Italy’s top insurer Generali raised its dividend for 2018 after beating its business plan targets and posting growth in net and operating profits.
As it published its full-year earnings Thursday, Generali said it was also well positioned to achieve the targets in its 2021 business plan.
Speaking to CNBC’s Julianna Tatelbaum on Thursday, CEO Philippe Donnet said the firm had been working “with great discipline” over the past three years on implementing its strategy.
“Our plan has been working, so we’ve been able to reach technical excellence, a very good combined ratio – despite many losses – and we were also able to continue the shift towards capital light product,” he said. “So, at the end we are able to close this plan in very good conditions.”
Generali’s net-profit last year rose 9.4 percent to 2.31 billion euros ($2.61 billion), broadly in line with analysts’ forecasts. Net operating profit stood at 4.86 billion, slightly above expectations.
Europe’s third-largest insurer said it would pay a dividend of 0.90 euros per share, up from the previous year’s 0.85 euros.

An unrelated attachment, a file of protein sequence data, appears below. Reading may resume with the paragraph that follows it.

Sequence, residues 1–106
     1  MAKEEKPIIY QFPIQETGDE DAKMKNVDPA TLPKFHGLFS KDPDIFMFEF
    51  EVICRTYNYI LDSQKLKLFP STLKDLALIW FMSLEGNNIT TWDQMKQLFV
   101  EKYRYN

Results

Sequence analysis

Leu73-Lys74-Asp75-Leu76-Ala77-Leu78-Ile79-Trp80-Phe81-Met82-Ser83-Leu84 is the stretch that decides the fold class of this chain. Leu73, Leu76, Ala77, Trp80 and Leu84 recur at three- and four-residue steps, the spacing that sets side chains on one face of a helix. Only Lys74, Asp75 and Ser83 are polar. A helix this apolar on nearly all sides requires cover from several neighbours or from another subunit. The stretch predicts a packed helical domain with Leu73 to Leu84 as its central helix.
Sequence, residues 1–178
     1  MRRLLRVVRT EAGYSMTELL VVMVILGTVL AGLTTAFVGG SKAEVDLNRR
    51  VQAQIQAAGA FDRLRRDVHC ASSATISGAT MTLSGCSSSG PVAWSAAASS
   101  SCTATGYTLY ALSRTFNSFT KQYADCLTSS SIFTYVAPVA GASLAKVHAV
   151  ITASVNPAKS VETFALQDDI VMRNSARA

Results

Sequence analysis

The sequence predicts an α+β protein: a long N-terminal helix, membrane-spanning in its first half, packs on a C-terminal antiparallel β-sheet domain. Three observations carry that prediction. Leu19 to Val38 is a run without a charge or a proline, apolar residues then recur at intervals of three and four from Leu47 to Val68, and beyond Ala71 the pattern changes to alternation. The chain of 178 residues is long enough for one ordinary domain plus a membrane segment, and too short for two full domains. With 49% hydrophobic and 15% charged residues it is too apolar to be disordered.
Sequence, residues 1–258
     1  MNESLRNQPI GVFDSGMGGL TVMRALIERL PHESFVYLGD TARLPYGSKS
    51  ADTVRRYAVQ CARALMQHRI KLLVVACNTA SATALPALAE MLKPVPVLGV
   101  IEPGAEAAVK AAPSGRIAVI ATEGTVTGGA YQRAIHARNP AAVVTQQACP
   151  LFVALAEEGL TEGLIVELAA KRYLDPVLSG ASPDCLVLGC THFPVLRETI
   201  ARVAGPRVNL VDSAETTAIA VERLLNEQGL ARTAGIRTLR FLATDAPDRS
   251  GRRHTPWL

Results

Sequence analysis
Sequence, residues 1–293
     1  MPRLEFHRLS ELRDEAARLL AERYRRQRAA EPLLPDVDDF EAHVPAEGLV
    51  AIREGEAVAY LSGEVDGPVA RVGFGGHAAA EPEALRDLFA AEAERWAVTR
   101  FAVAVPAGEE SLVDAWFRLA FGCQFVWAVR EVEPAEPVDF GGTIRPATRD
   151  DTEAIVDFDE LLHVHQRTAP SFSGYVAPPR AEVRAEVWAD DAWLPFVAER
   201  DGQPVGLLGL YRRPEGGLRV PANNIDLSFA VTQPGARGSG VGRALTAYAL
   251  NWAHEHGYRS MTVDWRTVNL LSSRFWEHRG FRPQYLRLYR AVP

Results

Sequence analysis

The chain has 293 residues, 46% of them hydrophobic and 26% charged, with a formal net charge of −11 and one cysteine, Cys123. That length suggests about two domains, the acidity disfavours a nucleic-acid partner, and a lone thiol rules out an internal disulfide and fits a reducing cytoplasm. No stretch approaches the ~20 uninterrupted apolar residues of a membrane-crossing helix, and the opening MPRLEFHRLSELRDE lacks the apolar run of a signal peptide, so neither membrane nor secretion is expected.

When it came to a potential European slowdown in 2019, however, Donnet said Generali was not concerned. He explained that people sought out the solutions Generali provided whether the economy was booming or lagging.
“Our business is very resilient, because when people do invest and the economy is growing, the property and casualty business is growing,” he said. “But when people do not invest because the economy is not growing, the life insurance business and asset management is growing.”
Donnet also claimed that Generali’s 55 billion euros in Italian BTPs was not a concern to investors.
“(Investors) do not struggle any more on this – we have demonstrated that we have a strong capital position. We have further increased our solvency ratio by 9 percentage points, so our exposure to BTPs is no longer an issue,” he told CNBC.
Generali has reserved up to 4 billion euros for acquisitions and growth as it looks to asset management and high-margin business in Latin America and Asia.